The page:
- You will need ONE completion prompt sequence (each with multiple day-delayed series) for each “key point” or “milestone” above 1 that you set within your core content sequence.
- In other words, if your Core Content sequence only makes 1 key point, you don't need to use a completion prompt. The Delayed Intro sequence has you covered here.
- However, if your Core Content sequence makes 2 key points, and they managed to consume the first, but dropped off before they reached the 2nd… then you'll need ONE completion prompt sequence to plug them back into the 2nd point.
3. User completes the first part (“chunk”) of your Core Content and SKIPS to part 2
- While a user is engaging in part 1, they are simultaneously subscribed to the “Delayed Intro” sequence for part 2.
- If the user reaches the end of part 1 and SKIPS straight through to part 2, then we need to UNSUBSCRIBE them from “Delayed Intro Part 2” and SUBSCRIBE them to “Delayed Intro Part 3”)
- Simpy put, while somebody is in one active sequence, they're also queuing up for the next one tomorrow.
- If they skip forwards, they get pulled out of that queue and put straight in to the Core Content.
4. User completes the first part (“chunk”) and WAITS for part 2
- As mentioned in point #3 above, while a user is engaging in part 1, they are also in the “Delayed Intro” for part 2.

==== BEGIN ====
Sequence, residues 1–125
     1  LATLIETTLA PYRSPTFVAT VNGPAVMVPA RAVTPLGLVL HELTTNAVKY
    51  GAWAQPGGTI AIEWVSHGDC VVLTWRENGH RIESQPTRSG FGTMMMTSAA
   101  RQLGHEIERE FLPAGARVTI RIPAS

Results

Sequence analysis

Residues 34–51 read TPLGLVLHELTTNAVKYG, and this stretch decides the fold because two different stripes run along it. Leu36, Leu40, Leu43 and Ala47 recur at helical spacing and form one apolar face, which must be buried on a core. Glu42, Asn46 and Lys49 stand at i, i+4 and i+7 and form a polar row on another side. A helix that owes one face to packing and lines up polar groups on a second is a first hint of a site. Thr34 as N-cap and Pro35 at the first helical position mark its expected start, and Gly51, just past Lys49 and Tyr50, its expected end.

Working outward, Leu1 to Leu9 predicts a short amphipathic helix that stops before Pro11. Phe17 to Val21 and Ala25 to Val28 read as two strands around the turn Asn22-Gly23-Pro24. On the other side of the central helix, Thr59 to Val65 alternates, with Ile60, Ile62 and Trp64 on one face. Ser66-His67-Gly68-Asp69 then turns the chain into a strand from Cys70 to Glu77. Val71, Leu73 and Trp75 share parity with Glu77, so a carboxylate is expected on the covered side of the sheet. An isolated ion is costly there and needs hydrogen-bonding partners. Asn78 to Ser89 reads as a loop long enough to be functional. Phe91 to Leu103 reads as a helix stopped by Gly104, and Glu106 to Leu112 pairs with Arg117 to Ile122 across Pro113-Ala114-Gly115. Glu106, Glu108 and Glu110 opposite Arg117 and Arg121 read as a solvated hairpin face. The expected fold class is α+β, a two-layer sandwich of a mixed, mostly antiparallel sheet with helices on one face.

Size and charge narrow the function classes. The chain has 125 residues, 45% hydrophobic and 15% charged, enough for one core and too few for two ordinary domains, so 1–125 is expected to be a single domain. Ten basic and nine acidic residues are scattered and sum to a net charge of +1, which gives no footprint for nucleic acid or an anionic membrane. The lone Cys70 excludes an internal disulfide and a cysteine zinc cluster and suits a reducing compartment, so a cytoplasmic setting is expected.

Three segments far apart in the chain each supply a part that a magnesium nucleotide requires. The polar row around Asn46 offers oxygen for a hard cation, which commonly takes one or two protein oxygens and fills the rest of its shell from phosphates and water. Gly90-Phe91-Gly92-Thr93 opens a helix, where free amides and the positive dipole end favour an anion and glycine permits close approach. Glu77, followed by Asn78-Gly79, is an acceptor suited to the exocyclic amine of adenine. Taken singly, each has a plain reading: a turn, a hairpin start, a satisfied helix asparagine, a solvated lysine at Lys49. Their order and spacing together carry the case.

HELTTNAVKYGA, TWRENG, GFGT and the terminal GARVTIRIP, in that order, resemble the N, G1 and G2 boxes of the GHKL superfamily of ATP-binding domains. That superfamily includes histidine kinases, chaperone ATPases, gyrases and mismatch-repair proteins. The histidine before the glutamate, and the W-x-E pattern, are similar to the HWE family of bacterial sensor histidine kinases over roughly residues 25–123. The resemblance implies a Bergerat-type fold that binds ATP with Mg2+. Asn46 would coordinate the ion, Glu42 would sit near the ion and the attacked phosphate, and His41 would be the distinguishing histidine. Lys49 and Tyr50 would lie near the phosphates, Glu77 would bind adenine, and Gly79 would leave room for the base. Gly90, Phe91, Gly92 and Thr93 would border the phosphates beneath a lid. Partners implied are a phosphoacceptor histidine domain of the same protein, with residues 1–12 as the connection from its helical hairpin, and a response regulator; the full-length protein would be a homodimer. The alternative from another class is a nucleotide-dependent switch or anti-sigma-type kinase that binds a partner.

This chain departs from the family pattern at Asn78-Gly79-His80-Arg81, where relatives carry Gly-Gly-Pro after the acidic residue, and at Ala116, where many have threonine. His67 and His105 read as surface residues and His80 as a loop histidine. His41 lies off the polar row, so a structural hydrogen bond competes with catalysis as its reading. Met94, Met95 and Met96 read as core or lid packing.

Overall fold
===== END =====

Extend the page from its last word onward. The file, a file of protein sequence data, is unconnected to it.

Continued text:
- If, when they reach the end of part 1, they choose to “wait” until tomorrow, no action need be taken as they are already queued up to receive it.
5. User completes the first part (“chunk”) and WAITS for part 2, but doesn't click anything when day 2 begins
- Following on from point #4… when tomorrow comes, if the user doesn't click anything to engage, they will automatically fall into the 2nd series of the “Delayed Intro” – this is basically a second attempt (1 day later) to initiate a conversation and get them to engage.
- This process will repeat for as long as you like (or for as many series as you set up)
6. User engages every time, regardless of the skip or wait decision. (ie the never drop off)
- Congratulations! You didn't need completion prompts to get them through.
- However Core Content Sequences and Delayed Intro Sequences are still necessary to allow them to consume the content at their own pace.
How it Works
This is much easier to explain with a visual aid.
Hopefully by now the jargon is a little more familiar and you can begin to follow along the chart below.